Um, actually, they aren’t in competition. They are two very different online resources.
There’s no turning a blind eye or choosing to stay away from this technology change as it is affecting you right now and there is a decision you need to make within three months about your autogenerated account on My Health Record.
Are you staying in or opting out?
I opted out.
And not because I think My Health Record is a poor concept – it’s a great idea!
Remember I’ve made a type of online health summarising resource myself because I realise how important it is to organise your health information and communicate more efficiently with your health team/s.
So my one single reason for opting out is that I don’t trust our government with my information.
You might think this statement from someone who has most of their life on the internet is strange. But what I share on the internet comes directly from me and I choose what I want to share as well. The communication I make is to advocate for people living with chronic pain and for Australian injured workers.
I lived through the scenario and experienced first hand how information can be abused by our government and the bodies they assign to do some of their dirty work (eg WorkSafe, WorkSafe agents and other insurers).
That’s where my personal doubt for the privacy of my information on My Health Record comes from.
It’s bad enough insurers have the backup of government legislation to instantly force people into a medico-legal battle, now My Health Record also provides easier access to personal medical files. I’ve had an insurer hire an investigator to film me on the street in order to gather ‘evidence’ that I was not as incapacitated as I claimed (and apparently walking was valid evidence for the Worksafe agent to stop my compensation and throw me in a medico-legal nightmare!).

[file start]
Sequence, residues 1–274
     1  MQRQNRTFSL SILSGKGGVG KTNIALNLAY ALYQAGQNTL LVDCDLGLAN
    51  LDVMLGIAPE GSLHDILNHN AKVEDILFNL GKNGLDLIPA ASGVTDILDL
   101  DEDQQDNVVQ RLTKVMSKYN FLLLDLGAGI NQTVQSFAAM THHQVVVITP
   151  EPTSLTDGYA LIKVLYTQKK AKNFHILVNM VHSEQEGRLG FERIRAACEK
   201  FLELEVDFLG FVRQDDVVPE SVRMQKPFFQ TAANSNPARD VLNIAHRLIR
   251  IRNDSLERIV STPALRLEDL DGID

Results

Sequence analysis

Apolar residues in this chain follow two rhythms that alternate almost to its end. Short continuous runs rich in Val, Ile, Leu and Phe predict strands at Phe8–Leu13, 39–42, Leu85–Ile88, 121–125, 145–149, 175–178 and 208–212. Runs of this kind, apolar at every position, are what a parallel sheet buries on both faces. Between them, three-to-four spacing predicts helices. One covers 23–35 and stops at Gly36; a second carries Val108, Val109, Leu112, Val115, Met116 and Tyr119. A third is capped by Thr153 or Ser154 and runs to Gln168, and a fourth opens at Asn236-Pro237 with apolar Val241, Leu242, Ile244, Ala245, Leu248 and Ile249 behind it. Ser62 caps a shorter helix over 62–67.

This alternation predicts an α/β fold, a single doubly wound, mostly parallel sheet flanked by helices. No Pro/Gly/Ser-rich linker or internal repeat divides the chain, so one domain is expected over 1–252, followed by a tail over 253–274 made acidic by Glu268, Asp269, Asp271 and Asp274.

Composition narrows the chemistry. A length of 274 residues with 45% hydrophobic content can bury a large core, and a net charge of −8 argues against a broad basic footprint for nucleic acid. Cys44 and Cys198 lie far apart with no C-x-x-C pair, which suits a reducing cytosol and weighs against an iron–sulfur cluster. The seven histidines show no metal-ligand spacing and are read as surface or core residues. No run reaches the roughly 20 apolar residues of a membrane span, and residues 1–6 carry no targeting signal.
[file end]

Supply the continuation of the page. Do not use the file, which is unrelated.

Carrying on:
Once trust has been abused in this way, the trauma stays forever (and actually it’s been loads more than once in my case within the workers compensation system).
This week when I heard I had a My Health Record, it actually made me feel a bit sick thinking an insurer may have access to my personal records. I’ve had a specialist note incorrect details in some reports (ie one specialist noting I was planning an extensive walking holiday!!).
There are limited other circumstances in which your information may be collected, used and disclosed under the My Health Records Act. These limited circumstances include the provision of indemnity cover for healthcare providers, disclosure to courts and tribunals, for the purposes of coroner’s investigations, and for law enforcement purposes.
Seeya My Health Record!